8. It depends. If they treat the US as a whole, then Tenet won't play here this year. If they instead are content with allowing it to play in some markets and not others (because theaters are shuttered) then maybe it does open in the US in 2020. I'm just very surprised they seem to have settled on the staggered release option. I view it as a huge risk.
  9. The two arguments I will make against that point are that capacities are going to be down anyway and die hard movie fans are the most likely to come out to theaters, so tent poles or just new films I don't think the difference is as big as you're making it out to be. I agree there is some difference, I just don't think the lack of tent poles is a deal breaker. Mid and small budget new films will draw people out to see them, just out of sheer boredom and lack of things to do. The other point I'll make is that for the large chains the biggest single issue is likely concessions. It remains to be seen at what levels patrons will buy food and drinks. If a lot of people choose not to because they want to keep their mask on, that could prove to be more detrimental to the bottom line of theater chains than the lack of tent poles will be. I'll finish with this thought - summer 2020 is all but over. Even in good years that's the fertile ground to release blockbusters, for the most part. Do we really think it is a good idea to put a $200M+ budget film out in late August or into the fall, during a pandemic? I just don't see that working out.
  10. Yes, it's a factor. Spoilers aren't just a US thing. Several movie critics / YouTube channels I have watched are based in Europe. This makes Tenet a particularly bad choice for a split release. The type of film matters when releasing a movie on different dates in different markets. For a Transformers movie it isn't a big deal. For something where the plot is a large chunk of the appeal, it is a different story. I agree that theaters can't survive without new content. New films are going to have to be released. The problem is the equation you hit on. Tenet as an example has a massive budget and was funded with the outlook that it will achieve big numbers across the global markets. The studio cannot be expected to eat the loss just because the US is out of the picture at the present time. It doesn't make sense to release films with budgets of that size given the current market conditions. That's all I'm arguing. Release new movies, yes, but they should mostly be of the smaller budget variety. That'll have to do for now because you'll put the studios out of business if you ask them to take heavy losses on projects they've already filmed. Many studios have gone under during good times just because they funded multiple bombs and were sunk. The risk to the studios right now is high. Even Disney is not immune.
  11. With Tenet the risk isn't just piracy, but spoilers. I still don't think Tenet can be released without the domestic market and make money because too much info about it will get out. Also, let's be realistic about the time frames. There's no scenario where Tenet plays in the US this year, so we're not talking about a delay of weeks. It'll be measured in months. That's very abnormal and it is a risk. A movie like Mulan doesn't have this issue. We all know the plot. I think Disney could roll the dice with it and try a split release, with the expectation that it won't be on video in the foreseeable future. I don't think that's an issue either because Disney likes to play games with the availability of their films on home video. It's pretty clear from Hollywood's behavior, though, that many big budget films are going to be delayed until the pandemic is under control in the US.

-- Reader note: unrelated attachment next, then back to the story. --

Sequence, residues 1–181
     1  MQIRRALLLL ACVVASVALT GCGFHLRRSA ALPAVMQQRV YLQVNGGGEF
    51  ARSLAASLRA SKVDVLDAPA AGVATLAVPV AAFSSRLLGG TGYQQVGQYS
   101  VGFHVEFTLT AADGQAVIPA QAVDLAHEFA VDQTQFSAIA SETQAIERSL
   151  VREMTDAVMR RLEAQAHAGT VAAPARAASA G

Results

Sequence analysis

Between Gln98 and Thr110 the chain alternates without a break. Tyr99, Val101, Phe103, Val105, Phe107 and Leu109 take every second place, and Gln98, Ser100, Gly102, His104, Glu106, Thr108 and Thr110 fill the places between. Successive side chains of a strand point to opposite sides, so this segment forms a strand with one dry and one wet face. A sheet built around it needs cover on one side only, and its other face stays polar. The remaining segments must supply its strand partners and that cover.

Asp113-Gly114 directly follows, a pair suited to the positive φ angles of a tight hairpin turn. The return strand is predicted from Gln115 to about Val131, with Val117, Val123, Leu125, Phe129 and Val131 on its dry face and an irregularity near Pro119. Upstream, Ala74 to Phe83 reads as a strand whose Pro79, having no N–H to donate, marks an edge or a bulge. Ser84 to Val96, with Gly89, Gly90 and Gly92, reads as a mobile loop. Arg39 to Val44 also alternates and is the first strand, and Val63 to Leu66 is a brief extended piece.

12. This is starting. My aunt and her husband were given 30 days notice to leave their dwelling on July 15th. Between them they don't have a job (my aunt lost two part time jobs) and don't know where they're going to go. I suspect they'll end up moving in with one of their daughters, both of which are married with kids. My parents offered to take my aunt in, but won't take her husband (long story). There are tons of places to rent right now, and hardly any homes for sale. It is a very strange housing situation.
  13. I think the choice should clearly be Jim Cameron. He's got that multi-generational appeal, he's a titan of the industry, and his messaging would be so good because he'd spend hours and hours perfecting it. The only problem is, he'd get the campaign off the ground in about five years, long after theaters are all gone.
  14. Yeah, that positive ratio is much higher than in other states. I don't know what that means either. Is it because Florida is testing more children, or not testing as many? Maybe they are only testing kids that appear to be symptomatic? It is an alarmingly high percentage and confirms that plenty of minors do get COVID, but it is unclear at this time exactly what the implications are.
  15. Trump continues to hide information from the public. I'm guessing the excuse here is the IRS needs to complete its audit before the data can be released.